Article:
Fusion know-how helps extracting hydrogen from olive mill wastewater
Innovation at its best
Innovative Pd-membrane reactors for recovering tritium from tritiated waste water in fusion fuel cycle applications
Pd membrane devices for separation of hydrogen isotopes from tritiated water have been developed to operate in continuous processes characterized by high efficiency and increased safety. The innovation introduced in the Pd-membrane reactors for fusion fuel cycle applications consists of innovative mechanical design concepts (multi-tube modules, heating systems, compact size) and new joining techniques of Pd-tubes to steel parts. These developments allow operating detritiation processes in a continuous mode (then more efficiently and safely than the alternative processes based on the use of traditional reactors or on selective absorption in batch operations).
The Pd-membrane reactors have been developed byENEA and have been tested at CEA Cadarache laboratories in a process for recovering tritium from tritiated waste water, EFDA task aimed at developing a detritiation process of soft housekeeping waste. Researches at ENEA Frascati about Pd-membrane are carried out since 90’s years in the frame of the programmes EFDA and then EUROfusion and in collaboration with CEA Cadarache and KIT (former TLK) Institutes. In this field, ENEA developed a relevant expertise in several domains such as material development (diffusion bonding of Pd-Ag sheet for realizing thin-wall permeator tubes), design of innovative Pd-membrane reactor (single and multi-tube finger-like configurations, heating systems, Pd-tubes joining) and, finally, development of detritiation processes via membranes.
A collaboration with ICI Caldaie to develop cogeneration systems for residential application
ENEA collaborated with ICI Caldaie for the realization of a small-medium size (10/30kWe) cogeneration system for residential application. ICI Caldaie are specialists in the design and production of complete high-tech thermal systems. Within the MICROGEN30 project, a prototype of a new hydrogen cogeneration system was developed. The system was fuelled with natural gas and used the Polymer Electrolyte Membrane fuel cell technology for the production of thermal and electric power for residential application.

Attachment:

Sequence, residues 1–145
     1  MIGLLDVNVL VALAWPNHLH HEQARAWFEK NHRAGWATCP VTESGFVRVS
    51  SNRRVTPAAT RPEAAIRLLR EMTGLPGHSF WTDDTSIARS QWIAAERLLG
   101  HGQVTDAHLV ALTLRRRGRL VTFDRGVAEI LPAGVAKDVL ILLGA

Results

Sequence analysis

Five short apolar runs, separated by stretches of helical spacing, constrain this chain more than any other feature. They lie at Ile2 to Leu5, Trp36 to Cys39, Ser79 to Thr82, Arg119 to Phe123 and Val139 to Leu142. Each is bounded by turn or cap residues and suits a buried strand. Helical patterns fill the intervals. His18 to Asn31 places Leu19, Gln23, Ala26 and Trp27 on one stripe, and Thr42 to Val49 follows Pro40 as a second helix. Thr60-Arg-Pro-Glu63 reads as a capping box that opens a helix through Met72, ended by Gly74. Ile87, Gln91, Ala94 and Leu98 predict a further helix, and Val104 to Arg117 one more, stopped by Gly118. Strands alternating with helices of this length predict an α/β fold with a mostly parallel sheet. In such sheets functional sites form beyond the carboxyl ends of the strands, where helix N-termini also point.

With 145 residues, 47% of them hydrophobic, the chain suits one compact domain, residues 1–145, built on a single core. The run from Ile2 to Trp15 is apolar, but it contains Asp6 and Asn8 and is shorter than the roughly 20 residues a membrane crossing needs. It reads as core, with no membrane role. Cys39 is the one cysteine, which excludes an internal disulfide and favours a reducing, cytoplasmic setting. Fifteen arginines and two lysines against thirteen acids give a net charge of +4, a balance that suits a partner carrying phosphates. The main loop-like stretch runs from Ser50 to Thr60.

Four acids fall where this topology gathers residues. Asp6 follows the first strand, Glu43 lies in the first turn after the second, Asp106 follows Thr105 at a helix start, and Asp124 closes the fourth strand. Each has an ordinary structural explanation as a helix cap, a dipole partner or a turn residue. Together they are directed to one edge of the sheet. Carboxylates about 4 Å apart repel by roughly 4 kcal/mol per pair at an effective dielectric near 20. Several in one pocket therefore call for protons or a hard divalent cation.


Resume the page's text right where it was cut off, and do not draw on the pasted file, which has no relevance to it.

Building a pd-membrane reformer to produce pure hydrogen and high efficiency PEM fuel cells
In the framework of MICROGEN30, Pd-membrane reactors have been tested at ENEA Frascati laboratories for the production of hydrogen and syngas from reforming of methane and biomass. The project was carried out in 2011-2016 and was funded by the Italian Ministry for Economic Development. The scope of the project was to develop a small size (30 kWe) cogeneration system for producing electricity and heat with high efficiency. The role of ENEA was to design and built a Pd-membrane reformer for producing hydrogen via reforming of methane and biomass (namely, olive mill wastewater): the high purity hydrogen obtained from the membrane unit was used to feed high efficiency PEM fuel cells. The result of the project was the achievement of high overall efficiency (electrical + thermal) of the cogeneration system (around 85-90%) with very low emissions. In particular, the Pd-membrane unit realized by ENEA was capable to produce up to 1 m3/h of ultra-pure hydrogen.
Reforming of olive mill wastewater via membrane processes allows to recover up to 3 kg of hydrogen per ton of wastewater. The same process can be applied for the treatment of other wastewater in alternative to the bio-chemical processes (i.e. bio-digestors). Although cost of Pd-alloy is still a hurdle in large scale applications, Pd-tubes can be applied in hydrogen generators for laboratory and other ultra-pure hydrogen devices. Furthermore, the processes based on dehydrogenation reactions represent the only solution available for some kind of biomass that cannot be treated via the conventional biological processes. This is the case of olive mill wastewater: the reforming process studied allows the reduction of the environmental pollution and its valorisation for producing energy (hydrogen and syngas).
Thanks to this experience, ENEA gathered the needed know-how in the non-fusion sector to collaborate with other major hydrogen production and storage entities therefore new business opportunities were opened.